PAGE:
- The history of the house goes back to 1912 (108 years ago) when the house was built by colonial missionaries at the corner of what is now Argwings Kodhek Road and Elgeyo Marakwet Road, opposite the original Cavina School in Nairobi.
Last weekend my two childhood friends and I went on a “boys only” trip around the Mt Kenya region. This is a trip we had promised ourselves last year but, Covid-19 got in the way. As we were going sightseeing, it was unanimously agreed that Speedy Gonzalez (yours truly) would not drive, and that task was placed on the shoulders of the slowest driver in the group.
Leaving Nairobi at 7am on Friday, we proceeded to Gatundu where we picked up the third member of the group. By coincidence we realised that all of us were born in Embu due to our parents working and living there during the colonial era. I was the first to see my place of birth at Mwea, a small government dispensary which was serving the Mwea detentions camps during the Emergency. My father was working specifically at the Thiba Detention Camp as a community development assistant.
Next up was Embu town where my two friends were born a few years earlier than me at Embu District Hospital. The father of one of my friends was working as a district assistant in the colonial government while the other was working as a teacher at Kigari Teachers College. We stopped for refreshments at the old Isaac Walton Inn.
We then proceeded to Chogoria where we had been invited for lunch by a schoolmate at Nairobi School in the 1960s. We had a wonderful time reminiscing about old times, as my two friends last met our host exactly 50 years ago!
From Chogoria, we took the new road to Meru town through the forest. Our underpowered, naturally aspirated Subaru Forester was panting for breath through the steep hills and thin air, but the scenery was breathtaking. We came across a section where the road had been washed away but fortunately, the water was shallow enough for our car to cross over.
Arriving in Meru towards six o’clock, we booked in at the Alba Hotel, a truly five-star establishment. The bellboy, complete with uniform and period trolley, the jazz music and general décor reminded one of a luxury hotel in New Orleans in the 1940s.
As fate would have it, I discovered yet another jewel. Right next to the hotel was the old District Commissioner’s residence where we used to live between 1959 and 1960 when my father was district assistant. Some 100 metres to the west of the hotel lies my son-in-law’s family residence but my friend cautioned me not to visit as I might be misconstrued to be fetching dowry payment!
The following day we proceeded to Isiolo, enjoying the wide-open spaces which quietly remind you how insignificant we are. Driving towards Nanyuki, we passed by the beautiful rolling green hills of Kisima and Timau. We had lunch at the Le Rustique Restaurant in Nanyuki, al fresco.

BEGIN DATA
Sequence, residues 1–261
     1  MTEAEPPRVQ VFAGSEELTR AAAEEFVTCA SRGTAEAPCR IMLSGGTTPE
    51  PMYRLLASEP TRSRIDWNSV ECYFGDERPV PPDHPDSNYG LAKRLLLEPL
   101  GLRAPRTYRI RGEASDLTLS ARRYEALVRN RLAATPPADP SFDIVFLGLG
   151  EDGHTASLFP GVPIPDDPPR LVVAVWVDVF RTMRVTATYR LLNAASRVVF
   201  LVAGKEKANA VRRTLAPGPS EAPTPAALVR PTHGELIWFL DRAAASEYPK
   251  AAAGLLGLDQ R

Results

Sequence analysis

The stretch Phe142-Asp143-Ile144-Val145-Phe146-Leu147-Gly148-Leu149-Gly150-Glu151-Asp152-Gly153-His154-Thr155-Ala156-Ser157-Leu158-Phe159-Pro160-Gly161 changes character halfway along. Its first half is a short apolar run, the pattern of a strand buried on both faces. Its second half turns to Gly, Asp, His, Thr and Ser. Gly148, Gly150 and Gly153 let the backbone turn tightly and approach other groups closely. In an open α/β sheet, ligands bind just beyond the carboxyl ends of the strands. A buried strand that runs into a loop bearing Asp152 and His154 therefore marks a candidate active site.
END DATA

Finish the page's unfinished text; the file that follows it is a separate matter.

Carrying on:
The real jewel in the crown of our tour was the stay in the 100-year-old house where we spent Saturday night. Situated about 10 kilometres from Nanyuki town, the facility is directly opposite the airstrip at One Stop.
Accommodation comprises three bedrooms with master ensuite, sitting room with fireplace, kitchen and separate bathroom/toilet with traditional iron tub and shower. There is a generous picket-fenced, covered verandah from where you have an awesome view of Mt Kenya.
The building is constructed in timber weather boarded walls under a heavy gauge corrugated iron sheets roof while the raised floor is made of timber boards supported on concrete pillars. Internal walls are clad in tongued and grooved timber boards while the ceiling is made of softboard. Doors are made of timber match boarding with traditional ironmongery while windows are glazed in wooden casements. The décor has been reproduced to reflect the period when the house was built, and the patina has been retained.
The history of the house goes back to 1912 (108 years ago) when the house was built by colonial missionaries at the corner of what is now Argwings Kodhek Road and Elgeyo Marakwet Road, opposite the original Cavina School.
In 1959, Missionary Aviation Fellowship (MAF) bought the property for use as their head office. Needing the money to house an increased number of pilots, MAF sold the property in 2017 to Cytonn Real Estate who proposed to develop a Sh20 billion Cytonn Towers, a multi-use skyscraper on the property. Although the Nairobi County government had initially approved the proposed development in 2017, on 30 April 2018, the authority resolved to cancel the approval on the grounds that Cytonn had failed to show how a predictable increase in traffic triggered by the project would be handled. In addition, Kilimani residents had also protested that the project would disturb their lives and businesses. An appeal by Cytonn was rejected by the High Court in February this year.
When nature lovers Carol and Ross Withey heard, through a friend, that the house in Kilimani was due to be demolished to pave the way for the proposed skyscraper, they bought the house in 2018 and moved it piece by piece to their site in Nanyuki. They had two weeks to bring the house down and pack it, ready for transportation. It took six months to reassemble the building and complete the period finishings. Bookings for this house, which can sleep up to six, are in high demand at Sh 20,000 per night.
While I have nothing against redevelopment to maximise on use of land, it should be done in a structured manner, taking into account other existing land uses and users, provision of the necessary infrastructure to support increased demand and the environmental impact.
This also a good example of how history can be preserved by relocating and reassembly of structures in a different site where, as has been demonstrated here, value and an income stream can be realised.